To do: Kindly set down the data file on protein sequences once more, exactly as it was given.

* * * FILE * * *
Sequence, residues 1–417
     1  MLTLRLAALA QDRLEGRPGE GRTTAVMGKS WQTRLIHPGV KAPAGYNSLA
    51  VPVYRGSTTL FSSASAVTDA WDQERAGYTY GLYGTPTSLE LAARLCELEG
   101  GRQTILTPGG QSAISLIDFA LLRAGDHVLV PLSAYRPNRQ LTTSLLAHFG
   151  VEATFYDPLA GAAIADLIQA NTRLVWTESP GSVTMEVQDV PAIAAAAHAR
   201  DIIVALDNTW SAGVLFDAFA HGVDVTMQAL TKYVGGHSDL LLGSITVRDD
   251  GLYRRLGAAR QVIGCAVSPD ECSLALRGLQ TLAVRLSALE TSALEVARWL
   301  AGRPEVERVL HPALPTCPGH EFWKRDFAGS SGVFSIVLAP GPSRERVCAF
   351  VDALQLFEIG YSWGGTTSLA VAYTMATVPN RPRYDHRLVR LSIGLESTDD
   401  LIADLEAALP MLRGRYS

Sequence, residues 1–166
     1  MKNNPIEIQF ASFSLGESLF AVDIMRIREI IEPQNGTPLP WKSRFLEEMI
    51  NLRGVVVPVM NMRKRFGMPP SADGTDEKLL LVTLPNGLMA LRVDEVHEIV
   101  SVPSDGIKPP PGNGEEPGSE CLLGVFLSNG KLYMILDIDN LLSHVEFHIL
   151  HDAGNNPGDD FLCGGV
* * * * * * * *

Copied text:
Sequence, residues 1–417
     1  MLTLRLAALA QDRLEGRPGE GRTTAVMGKS WQTRLIHPGV KAPAGYNSLA
    51  VPVYRGSTTL FSSASAVTDA WDQERAGYTY GLYGTPTSLE LAARLCELEG
   101  GRQTILTPGG QSAISLIDFA LLRAGDHVLV PLSAYRPNRQ LTTSLLAHFG
   151  VEATFYDPLA GAAIADLIQA NTRLVWTESP GSVTMEVQDV PAIAAAAHAR
   201  DIIVALDNTW SAGVLFDAFA HGVDVTMQAL TKYVGGHSDL LLGSITVRDD
   251  GLYRRLGAAR QVIGCAVSPD ECSLALRGLQ TLAVRLSALE TSALEVARWL
   301  AGRPEVERVL HPALPTCPGH EFWKRDFAGS SGVFSIVLAP GPSRERVCAF
   351  VDALQLFEIG YSWGGTTSLA VAYTMATVPN RPRYDHRLVR LSIGLESTDD
   401  LIADLEAALP MLRGRYS

Sequence, residues 1–166
     1  MKNNPIEIQF ASFSLGESLF AVDIMRIREI IEPQNGTPLP WKSRFLEEMI
    51  NLRGVVVPVM NMRKRFGMPP SADGTDEKLL LVTLPNGLMA LRVDEVHEIV
   101  SVPSDGIKPP PGNGEEPGSE CLLGVFLSNG KLYMILDIDN LLSHVEFHIL
   151  HDAGNNPGDD FLCGGV